When I was young, I went to a rural North Carolina elementary school that set far off the main road on a back road that turned from asphalt to red dirt just past the school. Piney woods surrounded the school with old growth hardwoods taking over the deeper you went into them. At recess, all of us boys and girls would run past the playgrounds straight for the woods.
This was the early 60’s. I was in third grade and my teacher didn’t seem to think twice about letting a bunch of children go unattended to play in the woods. We’d climb on low branches, build forts out of fallen limbs, or just find a good shade tree to sit under to cool off. After all, it was a rural school full of farmers’ and mill hands’ children – salt of the earth type people who inhabited a safe community where everyone knew everyone else. We – adults and children alike – were used to unlocked doors and kids running free through forest and field.
That changed suddenly one day in the early winter.
It was almost Christmas and us third-graders were buzzing in anticipation of two weeks off and Santa Claus. The weather was mild, as it has almost always been here in December (I don’t remember ever having a “white Christmas” – usually, it’s sunny and clear around here) but there was still enough of a chilling breeze to keep most of us kids close to the school building when we went out to play. Even so, there were a few who were willing to brave a biting breeze to go out into the woods.
On this particular day, as we all filed back into our classroom after recess, we noticed one chair was empty. It belonged to a girl named Marie. We students noticed her absence before the teacher did, but it didn’t take long for Mrs. Taylor to miss her also. But before we could all react and wonder where she could be, we heard sobbing and shuffling feet out in the hallway.
Marie came shambling into the room, her sweater picked with holes and her face, arms, and legs scratched and bleeding. Tears had left red chapped streaks on her cheeks. She didn’t wait for someone to ask her, she simply volunteered:
“Something was watching me in the woods. Something was following me.”
After that, we were restricted to the playground at recess, and that was still the school policy through my remaining years there.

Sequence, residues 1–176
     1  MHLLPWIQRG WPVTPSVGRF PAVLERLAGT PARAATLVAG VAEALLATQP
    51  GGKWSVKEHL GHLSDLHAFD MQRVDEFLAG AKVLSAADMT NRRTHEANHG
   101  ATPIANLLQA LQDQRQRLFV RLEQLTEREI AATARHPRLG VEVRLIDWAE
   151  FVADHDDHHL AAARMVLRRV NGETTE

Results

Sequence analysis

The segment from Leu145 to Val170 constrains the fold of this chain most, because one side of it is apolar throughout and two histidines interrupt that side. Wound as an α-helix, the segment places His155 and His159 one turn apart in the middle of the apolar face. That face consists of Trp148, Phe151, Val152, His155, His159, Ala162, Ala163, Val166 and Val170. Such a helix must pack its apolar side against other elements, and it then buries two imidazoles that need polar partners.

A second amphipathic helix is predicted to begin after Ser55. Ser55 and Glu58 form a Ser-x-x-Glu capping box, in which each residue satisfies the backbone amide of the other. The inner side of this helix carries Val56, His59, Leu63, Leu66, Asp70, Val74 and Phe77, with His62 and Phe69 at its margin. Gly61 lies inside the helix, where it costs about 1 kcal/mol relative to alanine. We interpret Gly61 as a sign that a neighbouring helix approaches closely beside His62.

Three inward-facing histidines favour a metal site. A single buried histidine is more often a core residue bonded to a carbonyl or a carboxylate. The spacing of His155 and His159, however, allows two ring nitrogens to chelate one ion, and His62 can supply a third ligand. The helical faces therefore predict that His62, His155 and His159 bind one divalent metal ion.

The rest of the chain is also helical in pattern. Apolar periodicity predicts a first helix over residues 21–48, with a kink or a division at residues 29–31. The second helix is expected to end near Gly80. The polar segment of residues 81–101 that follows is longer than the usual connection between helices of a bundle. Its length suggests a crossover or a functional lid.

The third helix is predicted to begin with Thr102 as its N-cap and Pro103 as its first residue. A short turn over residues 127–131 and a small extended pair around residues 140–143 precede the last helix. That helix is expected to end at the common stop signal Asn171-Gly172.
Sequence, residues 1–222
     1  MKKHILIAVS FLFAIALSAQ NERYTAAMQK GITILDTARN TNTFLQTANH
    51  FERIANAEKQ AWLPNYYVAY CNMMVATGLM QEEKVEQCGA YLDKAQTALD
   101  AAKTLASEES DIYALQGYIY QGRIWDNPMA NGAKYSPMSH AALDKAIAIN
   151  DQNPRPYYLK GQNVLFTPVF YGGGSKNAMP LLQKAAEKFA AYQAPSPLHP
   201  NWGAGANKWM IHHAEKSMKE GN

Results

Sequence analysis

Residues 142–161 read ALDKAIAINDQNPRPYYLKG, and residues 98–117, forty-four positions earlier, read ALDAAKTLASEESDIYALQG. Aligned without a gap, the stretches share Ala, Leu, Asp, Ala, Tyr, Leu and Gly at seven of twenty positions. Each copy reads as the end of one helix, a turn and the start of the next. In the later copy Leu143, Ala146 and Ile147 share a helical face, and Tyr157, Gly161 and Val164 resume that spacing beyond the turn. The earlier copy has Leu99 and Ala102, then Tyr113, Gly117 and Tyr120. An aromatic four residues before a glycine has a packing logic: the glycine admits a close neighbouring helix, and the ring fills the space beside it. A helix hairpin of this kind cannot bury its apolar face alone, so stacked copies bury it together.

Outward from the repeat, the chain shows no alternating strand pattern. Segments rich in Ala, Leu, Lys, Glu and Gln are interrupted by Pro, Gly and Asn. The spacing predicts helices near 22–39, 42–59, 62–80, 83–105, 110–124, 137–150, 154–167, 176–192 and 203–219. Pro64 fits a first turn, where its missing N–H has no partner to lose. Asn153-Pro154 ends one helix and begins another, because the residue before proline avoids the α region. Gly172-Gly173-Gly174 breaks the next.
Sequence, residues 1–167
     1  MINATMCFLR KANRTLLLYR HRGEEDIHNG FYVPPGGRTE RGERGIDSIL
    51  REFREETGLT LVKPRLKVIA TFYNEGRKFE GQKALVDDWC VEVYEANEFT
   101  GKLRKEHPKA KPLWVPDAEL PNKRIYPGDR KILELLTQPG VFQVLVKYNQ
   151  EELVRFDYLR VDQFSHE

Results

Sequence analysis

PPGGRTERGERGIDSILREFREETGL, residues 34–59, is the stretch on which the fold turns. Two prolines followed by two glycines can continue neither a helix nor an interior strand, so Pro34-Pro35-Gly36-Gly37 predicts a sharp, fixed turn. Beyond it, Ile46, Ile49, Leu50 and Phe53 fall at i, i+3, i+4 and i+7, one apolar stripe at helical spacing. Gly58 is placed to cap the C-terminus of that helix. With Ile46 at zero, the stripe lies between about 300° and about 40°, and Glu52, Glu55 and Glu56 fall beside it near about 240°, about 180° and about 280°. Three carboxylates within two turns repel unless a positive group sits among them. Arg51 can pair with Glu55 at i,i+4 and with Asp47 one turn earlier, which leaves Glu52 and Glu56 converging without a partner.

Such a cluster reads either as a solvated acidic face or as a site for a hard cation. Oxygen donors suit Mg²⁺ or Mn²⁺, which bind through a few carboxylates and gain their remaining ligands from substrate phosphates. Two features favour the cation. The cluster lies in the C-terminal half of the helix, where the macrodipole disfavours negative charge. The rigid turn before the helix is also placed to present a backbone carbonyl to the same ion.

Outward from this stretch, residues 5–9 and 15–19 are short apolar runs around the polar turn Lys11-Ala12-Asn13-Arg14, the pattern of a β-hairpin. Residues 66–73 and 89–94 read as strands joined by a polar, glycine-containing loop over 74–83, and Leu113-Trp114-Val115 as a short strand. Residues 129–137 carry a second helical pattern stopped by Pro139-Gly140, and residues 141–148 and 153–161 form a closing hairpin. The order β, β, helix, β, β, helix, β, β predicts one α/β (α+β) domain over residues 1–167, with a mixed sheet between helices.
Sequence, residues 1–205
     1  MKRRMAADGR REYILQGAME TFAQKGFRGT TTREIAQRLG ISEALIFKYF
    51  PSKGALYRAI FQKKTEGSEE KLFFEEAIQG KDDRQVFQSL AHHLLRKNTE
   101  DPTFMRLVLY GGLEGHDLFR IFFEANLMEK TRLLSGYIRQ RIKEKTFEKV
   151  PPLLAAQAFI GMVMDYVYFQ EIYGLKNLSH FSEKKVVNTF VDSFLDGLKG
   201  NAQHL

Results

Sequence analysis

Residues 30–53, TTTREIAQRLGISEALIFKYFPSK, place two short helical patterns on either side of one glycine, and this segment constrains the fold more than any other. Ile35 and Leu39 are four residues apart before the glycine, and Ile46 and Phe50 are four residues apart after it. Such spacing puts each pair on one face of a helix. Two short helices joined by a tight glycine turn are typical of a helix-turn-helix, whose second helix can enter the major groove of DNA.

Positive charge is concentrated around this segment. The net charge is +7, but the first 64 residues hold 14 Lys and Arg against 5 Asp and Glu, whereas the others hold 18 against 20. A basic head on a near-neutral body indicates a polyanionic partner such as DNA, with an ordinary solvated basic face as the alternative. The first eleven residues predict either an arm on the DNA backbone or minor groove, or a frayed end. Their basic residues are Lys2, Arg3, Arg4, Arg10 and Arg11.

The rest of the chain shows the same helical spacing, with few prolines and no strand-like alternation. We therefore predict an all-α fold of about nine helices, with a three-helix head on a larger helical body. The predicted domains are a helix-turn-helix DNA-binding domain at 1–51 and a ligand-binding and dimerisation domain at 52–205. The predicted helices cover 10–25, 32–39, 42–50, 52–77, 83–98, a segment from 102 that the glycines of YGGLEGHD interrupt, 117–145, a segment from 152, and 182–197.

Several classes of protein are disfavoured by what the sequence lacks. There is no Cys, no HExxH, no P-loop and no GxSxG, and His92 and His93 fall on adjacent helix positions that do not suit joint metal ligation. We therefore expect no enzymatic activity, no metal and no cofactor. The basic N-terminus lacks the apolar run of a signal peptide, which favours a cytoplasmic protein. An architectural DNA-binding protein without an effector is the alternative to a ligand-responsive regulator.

It’s always haunted me: Exactly what frightened Marie so badly in the woods that day?
Probably everyone who has ever played in the woods as a child – or in a cornfield, or sandlot, or anywhere else outside of the safe surroundings of your parents’ home – has felt that sensation. That something was watching you. That something just on the periphery of your vision – or maybe on the periphery of reality – was stalking you, always within a step of catching you. You know it’s there, but you dare not turn around to look, because then it will get you…
That creepy thing that waits among the bare winter trees or down the alley beside the vacant building near your apartment now has a name: The Slender Man.
I was first introduced to the Slender Man by my son, a teacher of writing and communication. We were chatting on AIM in the wee hours one night when he sent me a link to some of the material he had covered in his class concerning interactive fiction creation on the internet. One of the examples he used was the Slender Man. I’d never heard of it. When I asked him about it, he sent me a few links about, after which he said, “I hate looking at this stuff this late at night.”
The myth began on the forums of the Something Awful website, in a thread devoted to the creation of fake paranormal images. (Here is the link if you wish to go look at the original thread. http://forums.somethingawful.com/showthread.php?threadid=3150591&userid=0&perpage=40&pagenumber=3#post361861415 )
Most of the doctored photos were obvious, far too fake to be the least bit scary, but there were a pair of photos that got it just right: Innocent children. Captions that hinted at a fatal catastrophe. And there, lurking menacingly in the background, a figure that you almost – almost – overlook.
And the myth of the Slender Man was born. A faceless figure in a black suit with – wait… are those… tentacles? Extra arms? What are they…?
Prophetically, the post immediately following the original photos in that thread contained this statement: “You just know a couple of the good ones are going to eventually make it to paranormal websites and be used as genuine.”
Which is exactly what happened.
The result is the birth of not one, but two phenomena – the creation and promotion of a collective fictional creation, and the belief in that fictional creation as real. References to the Slender Man can be found all over internet forums and websites with many people claiming that he’s real, explaining him as some sort of psychic/physical manifestation of our primal fears. He has his own entry in the Mythical Creatures Guide.
And there is a blog dedicated to the investigation of the Slender Man “phenomenon”.
Maybe the most famous Slender Man-related material is the movie, “Marble Hornets,” posted in installments on You Tube. It’s a creepy little amateur film that reminds me of Blair Witch and Paranormal Activity, yet is somehow both cooler and scarier than either of those (though maybe that’s because I watched it alone in my living room at 3:00 am). The movie purports to be the raw footage shot during the making of a student film a few years ago. The student making the film seems to slowly lose his mind as a mysterious being keeps showing up in the backgrounds of his shots.
So, a new monster has come along to stoke our nightmares, one that may be entirely made up or maybe not. As the author of the Slender Man Chronicles blog says:
He only exists because you think of him. Try not to think of him.